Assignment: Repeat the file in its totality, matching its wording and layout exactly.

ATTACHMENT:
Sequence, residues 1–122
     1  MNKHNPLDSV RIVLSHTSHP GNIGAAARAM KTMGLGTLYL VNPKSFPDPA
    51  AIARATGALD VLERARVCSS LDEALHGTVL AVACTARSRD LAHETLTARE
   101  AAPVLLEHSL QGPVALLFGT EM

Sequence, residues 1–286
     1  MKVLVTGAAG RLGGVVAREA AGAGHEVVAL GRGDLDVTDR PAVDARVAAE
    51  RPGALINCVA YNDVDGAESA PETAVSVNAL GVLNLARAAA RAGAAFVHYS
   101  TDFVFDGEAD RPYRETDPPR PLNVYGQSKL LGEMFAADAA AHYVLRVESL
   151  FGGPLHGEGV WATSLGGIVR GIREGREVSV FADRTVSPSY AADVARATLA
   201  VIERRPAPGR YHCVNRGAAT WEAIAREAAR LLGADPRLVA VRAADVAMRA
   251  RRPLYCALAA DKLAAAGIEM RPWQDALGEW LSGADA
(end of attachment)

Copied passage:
Sequence, residues 1–122
     1  MNKHNPLDSV RIVLSHTSHP GNIGAAARAM KTMGLGTLYL VNPKSFPDPA
    51  AIARATGALD VLERARVCSS LDEALHGTVL AVACTARSRD LAHETLTARE
   101  AAPVLLEHSL QGPVALLFGT EM

Sequence, residues 1–286
     1  MKVLVTGAAG RLGGVVAREA AGAGHEVVAL GRGDLDVTDR PAVDARVAAE
    51  RPGALINCVA YNDVDGAESA PETAVSVNAL GVLNLARAAA RAGAAFVHYS
   101  TDFVFDGEAD RPYRETDPPR PLNVYGQSKL LGEMFAADAA AHYVLRVESL
   151  FGGPLHGEGV WATSLGGIVR GIREGREVSV FADRTVSPSY AADVARATLA
   201  VIERRPAPGR YHCVNRGAAT WEAIAREAAR LLGADPRLVA VRAADVAMRA
   251  RRPLYCALAA DKLAAAGIEM RPWQDALGEW LSGADA